And, among the seniles, they have many eminent minds for this work, including razor-sharp judges appointed as independents. As a result—and even after stuffing the chamber with their grateful supporters—the Labour governments lost around 500 votes in the Lords, typically on issues pertaining to civil liberties, of which the peers have come to consider themselves custodians.So close, yet so far.
Such defeats are manageable; the Lords cannot kill legislation, but at most delay it for a year. Nonetheless, this dissent proved sufficient to stop Labour extending detention without charge to 42 days and ending trial by jury in some cases, among other foiled draconian measures. Under the recently deceased Tory-led coalition, the Lords were less obstructive, reflecting the government’s less authoritarian programme, as well as the vast majority it got from the combined weight of Tory and Liberal Democrat peers. But, unhappily for David Cameron, the Tory prime minister, this is about to change. Having won a majority in the Commons, the Tories have been reduced to a minority in the Lords. And there is much in their legislative programme, including the promised “in-out” referendum on Britain’s membership of the European Union and a putative new British bill of rights, that many peers dislike.
Anxious Tories seek comfort in the so-called Salisbury convention, by which the Lords refrains from opposing the government on its manifesto commitments. Yet the Lib Dems, obliterated in the Commons and bitterly resentful of their Tory assassins, are minded to disregard it. “People speak quite glibly about the Salisbury convention,” says Lord Wallace, a former Lib Dem minister who now leads the party’s 102 peers. “But it’s outlived its relevancy. It was established in a completely different world.” It seems the Lib Dems view their outsized representation in the Lords as a means to maintain their prominence, replenish their frontbench, and push a liberal agenda. “We’re going to have to do some of the heavy lifting,” Lord Wallace admits.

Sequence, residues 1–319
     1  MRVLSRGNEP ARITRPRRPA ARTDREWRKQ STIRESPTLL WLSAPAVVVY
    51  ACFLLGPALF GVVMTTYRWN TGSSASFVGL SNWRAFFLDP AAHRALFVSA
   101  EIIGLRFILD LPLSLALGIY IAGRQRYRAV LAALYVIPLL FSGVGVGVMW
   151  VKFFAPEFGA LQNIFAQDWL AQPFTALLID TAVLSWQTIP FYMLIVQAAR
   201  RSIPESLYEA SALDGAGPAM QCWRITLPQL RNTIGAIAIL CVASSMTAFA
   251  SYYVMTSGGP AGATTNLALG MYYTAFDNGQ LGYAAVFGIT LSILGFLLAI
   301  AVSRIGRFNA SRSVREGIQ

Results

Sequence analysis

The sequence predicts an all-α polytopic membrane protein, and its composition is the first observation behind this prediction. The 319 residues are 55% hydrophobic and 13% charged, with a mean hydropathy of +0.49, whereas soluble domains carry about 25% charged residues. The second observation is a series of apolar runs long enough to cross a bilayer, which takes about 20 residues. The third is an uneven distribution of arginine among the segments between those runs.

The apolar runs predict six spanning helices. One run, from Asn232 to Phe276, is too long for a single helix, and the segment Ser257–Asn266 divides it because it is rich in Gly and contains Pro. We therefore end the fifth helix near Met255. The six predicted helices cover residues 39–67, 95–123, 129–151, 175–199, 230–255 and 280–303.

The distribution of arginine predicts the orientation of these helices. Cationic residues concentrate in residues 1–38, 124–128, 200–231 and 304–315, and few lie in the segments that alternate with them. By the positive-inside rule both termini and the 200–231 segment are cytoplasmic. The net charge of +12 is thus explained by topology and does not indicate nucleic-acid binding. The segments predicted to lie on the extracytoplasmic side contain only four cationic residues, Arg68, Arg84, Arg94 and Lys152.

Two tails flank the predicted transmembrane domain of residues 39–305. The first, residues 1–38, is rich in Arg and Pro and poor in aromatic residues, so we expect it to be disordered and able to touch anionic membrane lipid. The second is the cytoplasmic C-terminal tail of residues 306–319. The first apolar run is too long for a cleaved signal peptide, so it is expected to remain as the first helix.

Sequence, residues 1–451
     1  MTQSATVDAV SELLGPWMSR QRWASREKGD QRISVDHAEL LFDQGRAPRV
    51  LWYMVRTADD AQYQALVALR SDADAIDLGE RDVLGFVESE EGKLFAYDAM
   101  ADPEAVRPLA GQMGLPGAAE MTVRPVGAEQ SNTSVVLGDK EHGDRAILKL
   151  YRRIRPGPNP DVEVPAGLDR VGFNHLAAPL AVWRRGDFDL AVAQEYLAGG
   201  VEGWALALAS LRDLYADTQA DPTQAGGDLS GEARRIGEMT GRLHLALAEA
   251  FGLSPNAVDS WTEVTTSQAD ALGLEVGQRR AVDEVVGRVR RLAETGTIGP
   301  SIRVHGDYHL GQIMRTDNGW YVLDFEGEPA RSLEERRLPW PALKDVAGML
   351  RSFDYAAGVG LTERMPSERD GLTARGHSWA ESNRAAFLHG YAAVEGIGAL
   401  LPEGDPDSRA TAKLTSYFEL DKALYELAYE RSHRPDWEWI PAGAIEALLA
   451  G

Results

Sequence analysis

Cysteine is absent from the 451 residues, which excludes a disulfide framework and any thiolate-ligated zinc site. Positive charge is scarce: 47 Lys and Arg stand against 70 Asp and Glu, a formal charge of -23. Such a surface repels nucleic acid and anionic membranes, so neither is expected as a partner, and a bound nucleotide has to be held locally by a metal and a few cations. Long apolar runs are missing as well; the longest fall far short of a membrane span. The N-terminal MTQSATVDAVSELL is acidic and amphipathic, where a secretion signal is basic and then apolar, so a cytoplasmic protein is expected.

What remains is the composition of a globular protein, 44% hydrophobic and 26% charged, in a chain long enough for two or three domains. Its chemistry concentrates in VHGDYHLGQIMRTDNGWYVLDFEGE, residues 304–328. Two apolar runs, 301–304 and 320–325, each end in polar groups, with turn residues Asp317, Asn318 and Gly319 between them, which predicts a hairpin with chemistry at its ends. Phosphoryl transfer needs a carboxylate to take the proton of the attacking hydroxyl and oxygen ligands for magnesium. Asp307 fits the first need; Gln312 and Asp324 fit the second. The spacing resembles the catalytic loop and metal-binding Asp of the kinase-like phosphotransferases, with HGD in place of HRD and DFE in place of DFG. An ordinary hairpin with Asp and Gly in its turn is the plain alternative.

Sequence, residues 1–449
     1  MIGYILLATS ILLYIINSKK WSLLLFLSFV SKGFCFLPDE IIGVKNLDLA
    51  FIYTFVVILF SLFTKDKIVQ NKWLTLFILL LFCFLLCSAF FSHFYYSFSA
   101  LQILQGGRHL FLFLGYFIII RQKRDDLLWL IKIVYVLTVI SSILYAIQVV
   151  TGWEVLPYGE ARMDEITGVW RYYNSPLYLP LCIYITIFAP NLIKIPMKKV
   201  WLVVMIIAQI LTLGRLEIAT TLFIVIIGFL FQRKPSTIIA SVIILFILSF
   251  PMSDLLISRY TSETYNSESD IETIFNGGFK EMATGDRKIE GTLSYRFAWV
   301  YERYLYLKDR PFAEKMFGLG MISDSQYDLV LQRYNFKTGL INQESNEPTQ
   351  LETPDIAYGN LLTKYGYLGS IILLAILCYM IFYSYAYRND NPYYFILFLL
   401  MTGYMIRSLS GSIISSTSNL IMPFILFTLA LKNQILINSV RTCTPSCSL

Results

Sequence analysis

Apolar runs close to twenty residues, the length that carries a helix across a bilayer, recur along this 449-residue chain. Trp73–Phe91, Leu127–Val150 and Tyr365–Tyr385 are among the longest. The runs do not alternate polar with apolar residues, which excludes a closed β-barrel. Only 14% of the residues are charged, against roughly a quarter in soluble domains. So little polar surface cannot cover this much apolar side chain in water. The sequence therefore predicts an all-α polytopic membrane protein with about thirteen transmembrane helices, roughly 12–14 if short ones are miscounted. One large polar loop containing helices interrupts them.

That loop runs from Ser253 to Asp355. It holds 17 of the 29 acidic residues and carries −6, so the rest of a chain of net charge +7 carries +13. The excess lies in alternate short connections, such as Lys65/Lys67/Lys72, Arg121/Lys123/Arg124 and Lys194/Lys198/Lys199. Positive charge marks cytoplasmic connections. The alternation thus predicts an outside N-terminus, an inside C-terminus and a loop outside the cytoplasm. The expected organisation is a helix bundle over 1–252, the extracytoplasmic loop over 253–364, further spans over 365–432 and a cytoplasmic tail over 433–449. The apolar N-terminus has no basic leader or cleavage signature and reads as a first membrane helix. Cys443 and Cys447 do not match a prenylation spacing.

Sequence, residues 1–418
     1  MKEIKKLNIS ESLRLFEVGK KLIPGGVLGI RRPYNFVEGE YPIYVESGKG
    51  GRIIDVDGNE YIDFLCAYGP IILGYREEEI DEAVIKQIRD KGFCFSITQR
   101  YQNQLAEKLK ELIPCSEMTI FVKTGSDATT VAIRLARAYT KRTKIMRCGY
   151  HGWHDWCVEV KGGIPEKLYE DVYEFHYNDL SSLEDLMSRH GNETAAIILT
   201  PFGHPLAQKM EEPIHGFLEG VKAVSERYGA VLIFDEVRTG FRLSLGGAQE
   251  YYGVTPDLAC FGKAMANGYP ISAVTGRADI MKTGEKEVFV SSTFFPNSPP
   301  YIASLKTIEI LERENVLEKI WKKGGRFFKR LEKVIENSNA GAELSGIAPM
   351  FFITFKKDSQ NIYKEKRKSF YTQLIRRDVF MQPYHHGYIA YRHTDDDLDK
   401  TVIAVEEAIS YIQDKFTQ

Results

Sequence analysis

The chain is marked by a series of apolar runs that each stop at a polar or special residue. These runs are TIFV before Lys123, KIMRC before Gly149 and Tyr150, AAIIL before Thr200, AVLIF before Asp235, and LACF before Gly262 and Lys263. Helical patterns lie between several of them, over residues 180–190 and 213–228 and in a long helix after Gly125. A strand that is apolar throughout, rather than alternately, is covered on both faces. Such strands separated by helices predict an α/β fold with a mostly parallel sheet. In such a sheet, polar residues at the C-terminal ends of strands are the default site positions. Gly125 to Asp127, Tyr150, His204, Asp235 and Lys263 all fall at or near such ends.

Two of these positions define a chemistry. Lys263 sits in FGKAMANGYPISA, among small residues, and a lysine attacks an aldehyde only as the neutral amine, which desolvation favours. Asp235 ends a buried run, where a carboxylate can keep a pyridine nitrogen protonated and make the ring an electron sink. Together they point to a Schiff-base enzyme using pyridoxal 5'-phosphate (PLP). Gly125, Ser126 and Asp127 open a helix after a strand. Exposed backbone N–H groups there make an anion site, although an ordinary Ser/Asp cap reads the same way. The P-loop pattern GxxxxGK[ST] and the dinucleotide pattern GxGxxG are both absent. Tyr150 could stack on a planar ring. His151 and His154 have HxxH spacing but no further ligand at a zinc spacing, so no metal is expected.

...An overcrowded, flatulent, but increasingly effective House of Lords—that is not such a bad deal. All the same, it is unsatisfactory, and will become more so. The signs are that the Lords will continue to grow more activist, further straining the limits of its dubious mandate. The assembly needs more democracy. More pressingly, it also needs a cull.
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